By Sallie James
They say three times is a charm. But in the case of Chabad of East Boca Raton, it was actually more.
After four hours of lengthy discussion, City Council members late July 28 voted 5-0 in favor of the ambitious beachside orthodox synagogue. The project was up for reconsideration because two appeals challenging the Planning and Zoning Board’s site plan approval had been filed by unhappy neighborhood groups.
“We are very appreciative and very elated that the Council affirmed its previous approval. We look forward to moving forward from here,” said a smiling Rabbi Ruvi New, as he clasped hands with joyous congregants.
Council members voted to affirm the previously approved site plan with a modification to ensure the project has adequate handicap parking. The synagogue is planned for 770 E. Palmetto Park Road.
“In Jewish law, when something occurs three times it sets a precedent,” New said. “We were confident that the precedent would stand.”
Both appeals claimed the Planning and Zoning Board’s approval of the synagogue’s site plan had been done without careful consideration of all the facts.
New concedes the fierce opposition to the project has been much more than he ever expected.
“Obviously it’s a more scenic route than we anticipated,” New said. “The point is, we are on a route and we do have a destination and we are going to get there, God willing.”
Residents who live in the neighborhoods on the barrier island near the proposed synagogue say it is too ambitious, will draw too much traffic and create parking issues on the 0.84-acre piece of property.
“This is absolutely tearing my neighborhood apart,” said resident Linda Sheridan, who lives nearby at 710 Marble Way, and supports the project. “I am just very saddened by this. I keep hearing the term injurious. Prolonging this is actually injurious.”
Proponents have claimed the property is perfect for the proposed 18,000-square-foot, state-of-the-art synagogue and world-class, interactive Israel museum and believe the project will increase nearby property values.
However, an attorney speaking on behalf of one of the groups of homeowners opposed to the synagogue said too many questions had been raised about the project’s compliance with city code to move forward. He urged Council members to send the project back to the Planning and Zoning Board for clarification.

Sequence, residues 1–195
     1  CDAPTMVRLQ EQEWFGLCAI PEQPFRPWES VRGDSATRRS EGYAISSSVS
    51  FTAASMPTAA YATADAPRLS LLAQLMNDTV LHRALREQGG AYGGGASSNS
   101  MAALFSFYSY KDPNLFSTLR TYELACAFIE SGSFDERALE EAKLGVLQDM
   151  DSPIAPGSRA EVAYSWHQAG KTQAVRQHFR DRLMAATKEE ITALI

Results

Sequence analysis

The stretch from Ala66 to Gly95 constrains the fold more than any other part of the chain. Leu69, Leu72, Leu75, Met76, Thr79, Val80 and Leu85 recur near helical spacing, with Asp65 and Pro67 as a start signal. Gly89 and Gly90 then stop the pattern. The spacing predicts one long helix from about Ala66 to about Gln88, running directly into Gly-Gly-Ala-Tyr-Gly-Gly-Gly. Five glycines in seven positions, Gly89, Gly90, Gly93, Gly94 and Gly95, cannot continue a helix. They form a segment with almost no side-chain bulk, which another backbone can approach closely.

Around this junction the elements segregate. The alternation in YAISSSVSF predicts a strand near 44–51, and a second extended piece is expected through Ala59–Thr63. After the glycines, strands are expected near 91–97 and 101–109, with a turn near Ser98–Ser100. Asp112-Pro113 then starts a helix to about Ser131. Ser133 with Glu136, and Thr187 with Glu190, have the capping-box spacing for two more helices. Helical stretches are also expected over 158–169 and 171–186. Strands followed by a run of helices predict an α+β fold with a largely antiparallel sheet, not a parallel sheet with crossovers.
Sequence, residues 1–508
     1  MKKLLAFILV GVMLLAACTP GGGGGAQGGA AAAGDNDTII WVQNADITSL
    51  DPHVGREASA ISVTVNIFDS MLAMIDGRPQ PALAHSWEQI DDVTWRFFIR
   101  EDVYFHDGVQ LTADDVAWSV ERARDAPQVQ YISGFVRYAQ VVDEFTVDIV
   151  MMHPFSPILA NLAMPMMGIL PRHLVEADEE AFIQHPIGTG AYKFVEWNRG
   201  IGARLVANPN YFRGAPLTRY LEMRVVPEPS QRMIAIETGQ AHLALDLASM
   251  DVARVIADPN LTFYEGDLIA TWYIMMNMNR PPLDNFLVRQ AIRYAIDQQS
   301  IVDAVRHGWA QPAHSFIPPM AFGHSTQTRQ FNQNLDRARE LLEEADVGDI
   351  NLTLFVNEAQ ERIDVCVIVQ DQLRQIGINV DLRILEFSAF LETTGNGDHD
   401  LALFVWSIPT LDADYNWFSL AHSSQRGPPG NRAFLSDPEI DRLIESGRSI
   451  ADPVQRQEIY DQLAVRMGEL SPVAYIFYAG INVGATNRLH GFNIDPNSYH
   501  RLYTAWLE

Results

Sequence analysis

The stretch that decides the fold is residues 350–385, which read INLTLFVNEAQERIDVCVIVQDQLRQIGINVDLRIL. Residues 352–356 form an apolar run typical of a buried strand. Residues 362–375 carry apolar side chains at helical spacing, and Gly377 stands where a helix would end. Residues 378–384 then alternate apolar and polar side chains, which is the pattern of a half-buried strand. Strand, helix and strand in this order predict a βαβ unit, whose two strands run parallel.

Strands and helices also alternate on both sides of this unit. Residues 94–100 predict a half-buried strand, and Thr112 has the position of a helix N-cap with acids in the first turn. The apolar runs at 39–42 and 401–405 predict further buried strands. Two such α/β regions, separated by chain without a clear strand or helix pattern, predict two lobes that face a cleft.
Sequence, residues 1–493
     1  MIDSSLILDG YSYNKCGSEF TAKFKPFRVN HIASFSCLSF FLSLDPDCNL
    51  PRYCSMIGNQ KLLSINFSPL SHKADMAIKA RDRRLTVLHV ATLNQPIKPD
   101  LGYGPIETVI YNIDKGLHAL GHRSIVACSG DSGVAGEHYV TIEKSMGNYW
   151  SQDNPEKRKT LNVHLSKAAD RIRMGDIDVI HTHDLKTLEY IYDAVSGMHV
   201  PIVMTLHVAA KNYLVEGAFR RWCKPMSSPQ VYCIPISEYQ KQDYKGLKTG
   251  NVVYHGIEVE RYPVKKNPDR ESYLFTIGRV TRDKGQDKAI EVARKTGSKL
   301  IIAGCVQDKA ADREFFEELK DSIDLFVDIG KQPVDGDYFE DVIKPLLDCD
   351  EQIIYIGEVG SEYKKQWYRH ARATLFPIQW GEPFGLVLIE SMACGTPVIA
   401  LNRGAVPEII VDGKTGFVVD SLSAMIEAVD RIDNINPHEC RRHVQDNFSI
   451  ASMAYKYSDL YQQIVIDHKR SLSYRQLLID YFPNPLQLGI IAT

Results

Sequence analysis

“We are not going to solve it by people getting up and saying, ‘I am in favor,’ or ‘I object.’ The question is what is right,” said Attorney Arthur C. Koski. “I urge you to just step back, look at things with a clear eye and ask yourself is this project in its current form appropriately sited at this location.”
He warned, “Act prudently. It is of no harm to send this back to the Planning and Zoning board. This is irreversible.”
The project last came before the city on May 27 when Council members voted 4-1 to allow the synagogue’s height to exceed by 20 inches a maximum allowed height of 30 feet.
Opponents insist that such a facility is too intense of a use for the site and will drive extra traffic into an already congested area that is also critically affected by the ups and downs of the Palmetto Park Road drawbridge. The height of 40 feet, 8 inches will be intrusive, they claim.
One appeal claimed the city rendered its decision based on “improper and erroneous interpretations” of the city code that were made “arbitrarily and without reasonable analysis” of requests by residents who live near the project.
Many homeowners worry that the city’s approval of the project’s increased height will set a precedent for future even taller developments, which could ruin the ambiance of the area.
A second appeal, filed by Royal Palm Real Estate Holdings LLC, Royal Palm Properties LLC and David W. Roberts, claimed similar issues.
The proposed synagogue is slated to have a 156-seat sanctuary, a basement parking area with 56 spaces and a 25-space ground-level lot. In addition, the project would have a social hall and a high-tech Israel museum.
The path to approval has been a contentious back-and-forth that has gone on for months.
A site plan for the project was first recommended for approval by the city’s Planning and Zoning Board on March 19.
But after City Council members reviewed the plans on April 14, they sent the project back to the Planning and Zoning Board with questions about how the square footage was calculated.
The Planning and Zoning Board reconsidered the project on May 7 after receiving clarifications to the technical questions, and again recommended approval, sending it back to the City Council a second time. Council members approved the higher-than-normal height on May 27, and were then faced with the two appeals.